Imagine going to work, and the first person you meet there will be dead by midnight. You know it, and he knows it, and the two of you have just met. Your job is to befriend this stranger and keep him calm, even as the hour of reckoning draws close. This is what Reverend Carroll Pickett did from 1982 to 1995, when he was the "death house" chaplain for the state of Texas. Reverend Pickett's story is told in the documentary At the Death House Door. It's an extremely powerful film, directed by Peter Gilbert and Steve James, who were responsible for the Oscar-nominated documentary, Hoop Dreams.
Reverend Pickett is a reserved man, calm and matter of fact. His method of coping with having to bear witness to so much death was to talk into a tape recorder, file the tapes away, and never listen to them again. Some executions have been harder to forget than others. Carlos De Luna was an innocent man executed in 1989. At the Death House Door is also De Luna's story, told through the actions of two investigative reporters working on a series of articles that would exonerate De Luna, and motivate Reverend Pickett to speak out against the death penalty.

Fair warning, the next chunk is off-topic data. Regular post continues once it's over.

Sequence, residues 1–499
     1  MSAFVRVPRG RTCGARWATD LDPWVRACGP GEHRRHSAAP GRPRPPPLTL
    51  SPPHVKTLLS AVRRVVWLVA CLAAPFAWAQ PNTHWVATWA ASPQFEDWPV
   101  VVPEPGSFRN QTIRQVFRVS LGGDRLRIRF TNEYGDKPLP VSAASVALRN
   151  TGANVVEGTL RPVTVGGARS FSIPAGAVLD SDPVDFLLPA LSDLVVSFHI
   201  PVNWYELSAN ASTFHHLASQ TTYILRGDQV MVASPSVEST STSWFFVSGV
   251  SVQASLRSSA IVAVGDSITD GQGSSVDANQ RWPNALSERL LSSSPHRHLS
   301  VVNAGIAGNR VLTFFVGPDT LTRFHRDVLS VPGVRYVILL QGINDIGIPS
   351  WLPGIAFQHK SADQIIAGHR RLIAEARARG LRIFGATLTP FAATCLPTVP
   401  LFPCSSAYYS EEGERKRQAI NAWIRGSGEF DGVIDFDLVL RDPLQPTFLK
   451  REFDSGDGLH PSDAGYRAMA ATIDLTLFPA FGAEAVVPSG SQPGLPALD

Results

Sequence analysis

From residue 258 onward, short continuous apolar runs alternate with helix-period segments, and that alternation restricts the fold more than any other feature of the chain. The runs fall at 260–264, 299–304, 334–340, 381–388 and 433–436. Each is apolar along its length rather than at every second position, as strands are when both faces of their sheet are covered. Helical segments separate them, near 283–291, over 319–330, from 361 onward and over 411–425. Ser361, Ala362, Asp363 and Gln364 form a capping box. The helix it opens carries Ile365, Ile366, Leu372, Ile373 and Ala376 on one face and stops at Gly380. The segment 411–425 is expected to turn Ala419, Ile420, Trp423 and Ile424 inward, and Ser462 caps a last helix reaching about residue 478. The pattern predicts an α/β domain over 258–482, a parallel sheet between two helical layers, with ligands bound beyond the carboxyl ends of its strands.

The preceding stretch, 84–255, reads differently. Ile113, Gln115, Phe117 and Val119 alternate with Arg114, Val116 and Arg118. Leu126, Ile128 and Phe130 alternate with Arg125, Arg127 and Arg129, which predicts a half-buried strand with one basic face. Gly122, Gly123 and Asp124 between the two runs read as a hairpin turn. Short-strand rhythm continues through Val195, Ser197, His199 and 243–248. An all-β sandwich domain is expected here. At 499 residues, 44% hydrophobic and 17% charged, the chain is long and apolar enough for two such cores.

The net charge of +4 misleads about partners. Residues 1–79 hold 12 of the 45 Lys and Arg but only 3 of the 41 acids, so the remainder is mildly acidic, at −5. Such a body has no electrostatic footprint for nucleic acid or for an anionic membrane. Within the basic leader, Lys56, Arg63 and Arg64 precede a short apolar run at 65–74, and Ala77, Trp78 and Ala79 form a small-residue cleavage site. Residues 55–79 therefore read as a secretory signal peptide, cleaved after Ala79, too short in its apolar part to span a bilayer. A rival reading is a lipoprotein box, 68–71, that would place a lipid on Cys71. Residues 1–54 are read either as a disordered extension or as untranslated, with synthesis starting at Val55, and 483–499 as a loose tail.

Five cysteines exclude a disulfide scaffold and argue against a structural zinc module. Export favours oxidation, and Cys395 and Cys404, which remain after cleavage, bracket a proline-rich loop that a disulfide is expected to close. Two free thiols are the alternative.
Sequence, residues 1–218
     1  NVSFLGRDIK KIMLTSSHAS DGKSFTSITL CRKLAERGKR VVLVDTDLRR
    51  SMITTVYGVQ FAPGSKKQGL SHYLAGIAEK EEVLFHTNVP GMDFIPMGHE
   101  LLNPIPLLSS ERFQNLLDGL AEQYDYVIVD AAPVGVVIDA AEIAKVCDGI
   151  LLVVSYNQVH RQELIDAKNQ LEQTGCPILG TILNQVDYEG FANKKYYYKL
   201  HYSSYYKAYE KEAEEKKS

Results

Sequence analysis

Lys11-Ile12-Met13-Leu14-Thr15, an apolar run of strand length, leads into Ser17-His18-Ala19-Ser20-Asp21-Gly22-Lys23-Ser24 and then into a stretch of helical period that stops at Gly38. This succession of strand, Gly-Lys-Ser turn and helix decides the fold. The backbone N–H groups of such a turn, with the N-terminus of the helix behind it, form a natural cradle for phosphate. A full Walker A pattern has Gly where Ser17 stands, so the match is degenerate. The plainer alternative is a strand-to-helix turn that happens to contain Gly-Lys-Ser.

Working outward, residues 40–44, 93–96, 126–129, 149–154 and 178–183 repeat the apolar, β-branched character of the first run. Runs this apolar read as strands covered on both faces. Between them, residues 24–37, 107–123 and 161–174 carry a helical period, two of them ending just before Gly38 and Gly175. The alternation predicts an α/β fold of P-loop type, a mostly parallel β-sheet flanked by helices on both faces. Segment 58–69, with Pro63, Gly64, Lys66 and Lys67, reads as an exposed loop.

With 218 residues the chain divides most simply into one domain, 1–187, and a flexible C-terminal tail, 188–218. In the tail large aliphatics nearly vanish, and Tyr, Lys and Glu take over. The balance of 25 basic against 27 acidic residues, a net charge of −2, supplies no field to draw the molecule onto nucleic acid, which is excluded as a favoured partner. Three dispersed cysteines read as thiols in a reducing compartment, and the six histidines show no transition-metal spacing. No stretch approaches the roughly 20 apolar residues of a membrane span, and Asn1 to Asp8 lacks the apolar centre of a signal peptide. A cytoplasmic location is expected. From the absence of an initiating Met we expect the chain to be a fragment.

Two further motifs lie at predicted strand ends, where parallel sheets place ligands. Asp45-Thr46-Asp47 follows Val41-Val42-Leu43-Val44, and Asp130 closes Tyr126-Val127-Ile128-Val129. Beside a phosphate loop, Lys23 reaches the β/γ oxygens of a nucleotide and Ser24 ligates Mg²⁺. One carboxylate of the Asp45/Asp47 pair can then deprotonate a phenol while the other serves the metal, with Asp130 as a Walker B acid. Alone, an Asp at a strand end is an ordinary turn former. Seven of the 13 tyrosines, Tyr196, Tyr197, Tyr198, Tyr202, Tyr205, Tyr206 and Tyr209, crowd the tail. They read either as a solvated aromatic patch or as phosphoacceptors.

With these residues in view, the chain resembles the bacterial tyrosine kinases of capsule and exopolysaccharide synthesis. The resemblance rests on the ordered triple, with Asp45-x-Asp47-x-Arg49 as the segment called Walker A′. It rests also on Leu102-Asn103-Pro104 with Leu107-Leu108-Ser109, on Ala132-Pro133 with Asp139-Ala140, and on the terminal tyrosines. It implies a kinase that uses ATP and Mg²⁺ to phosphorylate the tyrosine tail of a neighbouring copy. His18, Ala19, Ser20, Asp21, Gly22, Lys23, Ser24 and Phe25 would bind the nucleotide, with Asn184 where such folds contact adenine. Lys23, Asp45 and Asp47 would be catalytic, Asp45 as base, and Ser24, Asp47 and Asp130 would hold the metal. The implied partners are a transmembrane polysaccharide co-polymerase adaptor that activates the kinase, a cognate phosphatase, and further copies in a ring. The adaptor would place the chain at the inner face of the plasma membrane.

At the Death House Door airs on IFC beginning May 29. Click here for additional showtimes, and more about the filmmakers, Reverend Pickett, and Carlos De Luna.